Mali pledged to European leaders during a May donors conference it would hold its first round of presidential elections Sunday. Female candidates are for the first time competing in an election along with more than two dozen others.
Mali's political system was upended in an early 2012 coup. National security collapsed when al-Qaida and foreign rebels seized territory in the wake of the coup and French forces intervened in January to help its former colony.
The U.S. Embassy said it plans to send 58 observers to polling stations Sunday to survey the election.
"Democratic elections are the critical first step in Mali's return to constitutional order and establishing a government with the necessary legitimacy to pursue longer-term priorities," State Department spokeswoman Marie Harf said in a Thursday press conference.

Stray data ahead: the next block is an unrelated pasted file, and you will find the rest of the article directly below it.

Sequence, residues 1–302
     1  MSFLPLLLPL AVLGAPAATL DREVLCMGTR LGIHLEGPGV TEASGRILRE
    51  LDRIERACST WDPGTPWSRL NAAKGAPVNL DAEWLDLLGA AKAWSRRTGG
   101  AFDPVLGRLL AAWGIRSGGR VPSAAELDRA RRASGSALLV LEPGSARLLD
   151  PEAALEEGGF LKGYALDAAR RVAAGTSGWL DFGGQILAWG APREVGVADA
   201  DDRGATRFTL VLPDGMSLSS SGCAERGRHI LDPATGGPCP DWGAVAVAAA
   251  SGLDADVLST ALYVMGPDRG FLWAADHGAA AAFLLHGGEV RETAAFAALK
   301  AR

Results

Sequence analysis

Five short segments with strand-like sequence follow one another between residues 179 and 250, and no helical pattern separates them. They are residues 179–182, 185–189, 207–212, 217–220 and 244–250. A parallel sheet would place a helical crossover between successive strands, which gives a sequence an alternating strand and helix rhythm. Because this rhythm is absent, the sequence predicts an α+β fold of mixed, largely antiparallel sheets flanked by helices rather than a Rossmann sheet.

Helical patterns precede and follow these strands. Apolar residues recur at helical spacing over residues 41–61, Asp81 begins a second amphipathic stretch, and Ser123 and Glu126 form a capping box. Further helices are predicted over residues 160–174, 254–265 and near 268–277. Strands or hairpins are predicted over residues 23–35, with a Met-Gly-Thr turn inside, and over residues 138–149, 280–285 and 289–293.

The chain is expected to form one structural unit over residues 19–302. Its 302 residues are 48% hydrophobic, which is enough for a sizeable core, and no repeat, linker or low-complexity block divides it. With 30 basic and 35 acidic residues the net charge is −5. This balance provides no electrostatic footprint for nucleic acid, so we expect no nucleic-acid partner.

The U.S. Embassy in Bamako issued a travel advisory for U.S. citizens in the country ahead of the election. It said political and national security was fluid.
"While the U.S. Embassy has no advance indication of expected civil unrest on either day, it has advised its staff to remain at home on July 28 due to the possibility of demonstrations and/or road closures," the warning read.
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